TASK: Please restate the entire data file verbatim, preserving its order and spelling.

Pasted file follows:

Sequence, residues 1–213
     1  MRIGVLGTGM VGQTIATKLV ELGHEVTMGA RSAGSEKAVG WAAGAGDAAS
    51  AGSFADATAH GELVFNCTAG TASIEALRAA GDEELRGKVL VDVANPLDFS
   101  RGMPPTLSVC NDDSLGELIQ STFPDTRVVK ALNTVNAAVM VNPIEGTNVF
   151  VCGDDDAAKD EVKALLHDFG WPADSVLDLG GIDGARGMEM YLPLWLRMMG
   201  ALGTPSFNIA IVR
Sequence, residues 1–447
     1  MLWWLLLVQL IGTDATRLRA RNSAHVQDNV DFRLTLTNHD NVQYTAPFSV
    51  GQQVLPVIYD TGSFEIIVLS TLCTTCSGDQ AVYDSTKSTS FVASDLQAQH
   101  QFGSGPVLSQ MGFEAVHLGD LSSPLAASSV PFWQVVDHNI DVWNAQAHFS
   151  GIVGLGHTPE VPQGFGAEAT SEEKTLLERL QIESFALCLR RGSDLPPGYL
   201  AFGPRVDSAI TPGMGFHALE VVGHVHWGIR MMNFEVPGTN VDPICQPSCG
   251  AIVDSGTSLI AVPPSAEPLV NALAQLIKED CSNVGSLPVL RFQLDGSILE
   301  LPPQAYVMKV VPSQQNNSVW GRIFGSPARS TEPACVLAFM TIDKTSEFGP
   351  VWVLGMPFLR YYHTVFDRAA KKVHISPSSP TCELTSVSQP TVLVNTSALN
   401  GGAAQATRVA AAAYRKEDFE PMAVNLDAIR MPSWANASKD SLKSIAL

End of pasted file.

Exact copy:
Sequence, residues 1–213
     1  MRIGVLGTGM VGQTIATKLV ELGHEVTMGA RSAGSEKAVG WAAGAGDAAS
    51  AGSFADATAH GELVFNCTAG TASIEALRAA GDEELRGKVL VDVANPLDFS
   101  RGMPPTLSVC NDDSLGELIQ STFPDTRVVK ALNTVNAAVM VNPIEGTNVF
   151  VCGDDDAAKD EVKALLHDFG WPADSVLDLG GIDGARGMEM YLPLWLRMMG
   201  ALGTPSFNIA IVR
Sequence, residues 1–447
     1  MLWWLLLVQL IGTDATRLRA RNSAHVQDNV DFRLTLTNHD NVQYTAPFSV
    51  GQQVLPVIYD TGSFEIIVLS TLCTTCSGDQ AVYDSTKSTS FVASDLQAQH
   101  QFGSGPVLSQ MGFEAVHLGD LSSPLAASSV PFWQVVDHNI DVWNAQAHFS
   151  GIVGLGHTPE VPQGFGAEAT SEEKTLLERL QIESFALCLR RGSDLPPGYL
   201  AFGPRVDSAI TPGMGFHALE VVGHVHWGIR MMNFEVPGTN VDPICQPSCG
   251  AIVDSGTSLI AVPPSAEPLV NALAQLIKED CSNVGSLPVL RFQLDGSILE
   301  LPPQAYVMKV VPSQQNNSVW GRIFGSPARS TEPACVLAFM TIDKTSEFGP
   351  VWVLGMPFLR YYHTVFDRAA KKVHISPSSP TCELTSVSQP TVLVNTSALN
   401  GGAAQATRVA AAAYRKEDFE PMAVNLDAIR MPSWANASKD SLKSIAL